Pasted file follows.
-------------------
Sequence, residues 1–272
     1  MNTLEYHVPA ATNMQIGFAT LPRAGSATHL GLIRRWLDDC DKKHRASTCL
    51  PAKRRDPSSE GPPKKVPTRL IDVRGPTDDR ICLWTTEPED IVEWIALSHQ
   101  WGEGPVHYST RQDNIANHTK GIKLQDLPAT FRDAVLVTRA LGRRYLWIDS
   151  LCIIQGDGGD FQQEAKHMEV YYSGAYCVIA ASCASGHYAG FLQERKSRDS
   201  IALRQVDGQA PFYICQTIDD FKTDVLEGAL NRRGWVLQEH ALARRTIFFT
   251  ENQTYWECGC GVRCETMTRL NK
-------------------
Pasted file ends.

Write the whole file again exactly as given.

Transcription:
Sequence, residues 1–272
     1  MNTLEYHVPA ATNMQIGFAT LPRAGSATHL GLIRRWLDDC DKKHRASTCL
    51  PAKRRDPSSE GPPKKVPTRL IDVRGPTDDR ICLWTTEPED IVEWIALSHQ
   101  WGEGPVHYST RQDNIANHTK GIKLQDLPAT FRDAVLVTRA LGRRYLWIDS
   151  LCIIQGDGGD FQQEAKHMEV YYSGAYCVIA ASCASGHYAG FLQERKSRDS
   201  IALRQVDGQA PFYICQTIDD FKTDVLEGAL NRRGWVLQEH ALARRTIFFT
   251  ENQTYWECGC GVRCETMTRL NK